Tuesday, July 14, 2009

Wet weather problems - blight and slugs

After the dry spell we've been having in England, summer now seems to be getting its revenge, maybe the weather knows we have family visiting all summer?

So, a warning - no, not about my family, they are lovely - but about wet weather. The two main things springing to mind are blight and slugs.

First late blight. Hopefully, if you garden organically, you already have the first step taken - by growing blight resistant varieties of tomatoes and potatoes. Also, keep greenhouses well ventilated, blight loves static, muggy air. Look out for brown patches appearing on tomato and potato leaves, but don't immediately assume it's blight (have a look at pictures online and compare, for example on the RHS site here).

If you have it on your tomatoes, no matter how upsetting you must dig them out and gather up all fallen material, leaves, rotten tomatoes and burn or bury. (It may be OK to take to the local recycling, but check with them first, I know in some cases their composting methods reach much higher temperatures than ours, and so can kill more pathogens).

Your potato tops may show signs, but if you have been earthing up well, then the tubers will be safe. Cut off the plants at soil level and leave the tubers in and don't dig until after a spell of warm and dry weather (hopefully we'll get some again one day).

Slugs. Well the toads help in my garden, but so also do the organic approved slug pellets I get from the Organic Gardening Catalogue, see here.

Sunday, July 12, 2009

Between the showers pickings


Just nipped out and gathered a few bits:
Tomatoes, radish, sugar snap and mange tout peas, broad beans and courgettes. Snapped next to some of Mrs Soggy's herbs.

Late sowing

I saw an offer in the Garden Organic magazine, and since it was about seeds I had to have a look, so here I am with a collection of seeds from the Organic Gardening Catalogue labelled: "Late Sowing Seed Collection."
If I am honest I probably have enough seeds to sink a battleship, but they are hard to resist aren't they?

The collection includes:
Broad Beans - Super Aquadulce: Definitely a late sowing - November
Spinach - Giant Winter: Hardy and can be sown July, August and September
Peas - Pilot: If I sow them in October, we should be eating them by June
Carrots - Nantes 2: Apparently can be sown as late as August, meant to be quick growing.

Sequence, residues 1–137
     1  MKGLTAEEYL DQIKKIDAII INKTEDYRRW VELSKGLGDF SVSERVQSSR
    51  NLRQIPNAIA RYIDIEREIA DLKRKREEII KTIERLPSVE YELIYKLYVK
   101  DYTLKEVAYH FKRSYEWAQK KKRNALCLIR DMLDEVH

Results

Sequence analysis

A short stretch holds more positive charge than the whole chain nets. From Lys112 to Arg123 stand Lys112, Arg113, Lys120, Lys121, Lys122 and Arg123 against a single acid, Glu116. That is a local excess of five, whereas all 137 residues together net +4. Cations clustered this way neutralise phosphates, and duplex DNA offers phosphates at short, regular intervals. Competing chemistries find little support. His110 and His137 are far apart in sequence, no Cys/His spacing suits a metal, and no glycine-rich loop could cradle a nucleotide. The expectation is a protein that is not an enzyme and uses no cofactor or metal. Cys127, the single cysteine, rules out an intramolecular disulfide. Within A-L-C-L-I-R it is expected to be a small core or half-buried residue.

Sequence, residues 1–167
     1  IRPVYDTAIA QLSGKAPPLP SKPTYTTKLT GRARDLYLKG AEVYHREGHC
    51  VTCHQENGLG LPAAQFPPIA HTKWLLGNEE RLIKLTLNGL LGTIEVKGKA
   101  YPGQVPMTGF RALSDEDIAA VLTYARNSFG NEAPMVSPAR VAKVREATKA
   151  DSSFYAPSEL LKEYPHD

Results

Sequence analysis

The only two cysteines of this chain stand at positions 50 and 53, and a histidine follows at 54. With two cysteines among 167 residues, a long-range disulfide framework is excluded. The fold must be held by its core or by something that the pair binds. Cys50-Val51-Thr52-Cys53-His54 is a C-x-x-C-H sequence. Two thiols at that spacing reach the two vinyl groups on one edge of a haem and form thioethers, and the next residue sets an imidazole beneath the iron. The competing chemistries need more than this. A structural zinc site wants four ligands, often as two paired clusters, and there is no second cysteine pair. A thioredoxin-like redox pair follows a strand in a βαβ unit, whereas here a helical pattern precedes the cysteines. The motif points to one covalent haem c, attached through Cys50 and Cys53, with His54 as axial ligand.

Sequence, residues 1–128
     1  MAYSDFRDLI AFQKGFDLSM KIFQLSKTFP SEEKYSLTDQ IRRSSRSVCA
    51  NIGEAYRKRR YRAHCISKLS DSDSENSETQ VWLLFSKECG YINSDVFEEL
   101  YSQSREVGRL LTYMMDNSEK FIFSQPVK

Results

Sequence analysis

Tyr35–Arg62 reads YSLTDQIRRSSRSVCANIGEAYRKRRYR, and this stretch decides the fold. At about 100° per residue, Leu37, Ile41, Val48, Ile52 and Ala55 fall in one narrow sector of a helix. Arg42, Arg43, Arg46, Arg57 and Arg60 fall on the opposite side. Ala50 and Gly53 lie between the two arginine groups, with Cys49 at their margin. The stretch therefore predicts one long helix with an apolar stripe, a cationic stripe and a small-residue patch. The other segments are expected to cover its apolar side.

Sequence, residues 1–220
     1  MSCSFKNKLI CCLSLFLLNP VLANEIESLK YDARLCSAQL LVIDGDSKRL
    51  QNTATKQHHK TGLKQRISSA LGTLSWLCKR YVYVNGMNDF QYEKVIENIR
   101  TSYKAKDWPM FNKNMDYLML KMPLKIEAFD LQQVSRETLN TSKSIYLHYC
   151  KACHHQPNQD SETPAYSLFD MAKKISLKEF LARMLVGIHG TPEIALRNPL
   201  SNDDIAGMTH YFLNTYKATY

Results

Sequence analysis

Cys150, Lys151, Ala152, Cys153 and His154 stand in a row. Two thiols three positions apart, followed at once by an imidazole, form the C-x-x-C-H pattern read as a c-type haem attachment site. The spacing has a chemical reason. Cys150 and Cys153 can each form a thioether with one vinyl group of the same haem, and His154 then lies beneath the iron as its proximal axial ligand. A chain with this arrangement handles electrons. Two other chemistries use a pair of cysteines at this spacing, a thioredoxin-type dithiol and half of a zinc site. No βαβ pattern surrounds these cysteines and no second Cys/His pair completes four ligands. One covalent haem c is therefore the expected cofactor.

Parsley - Moss Curled: Mrs Soggy will have to sow for Spring use.
Onions - Bedfordsire Champion: Not sure about these, they were included, but I use sets
Rainbow Chard - Bright Lights: Great for a July sowing to give leaves and stems for stir fries
Sugar Pea - Norli: Pushing it a bit sowing in July, but worth a try, an old favourite with us.

I'll keep you posted on how these get on.

Saturday, July 11, 2009

Talking of gardening ...

I came across a useful little forum, based in the UK, which seems, so far, to be a good place for swapping idea and tips (I've added it to my list of useful sites towards the bottom of the right hand column), but here it is to save you scrolling: vegetable-gardens

Friday, July 10, 2009

A trip to the Isle of Purbeck

A fancy title for meeting up with Daughter Soggy for lunch and posting a picture of Corfe Castle (lunch stop) and one of her allotment - living proof that you can get flourishing crops on clay soil on an allotment which had been neglected, if you put lots of work in which they certainly have. Just look at their sweetcorn and the fennel in the background!

Thursday, July 9, 2009

Nature's Life Support Systems

Yesterday I transplanted two varieties of Leek (Varna and Oarsman), with a third (Atlanta) yet to go in, once the second lot of broad beans is cut down. There were some straggly leek seedlings which I ate with my salad lunch, every bit of which I gathered in my hands and took to the plate, as fresh as fresh could be.

Taking produce from the garden is something we, as gardeners, may not exactly take for granted, but we do expect, despite occasional failures, to reap a reward for our efforts don't we? In effect what we are doing is tapping into what Prince Charles last night described as "Nature's Life Support Systems."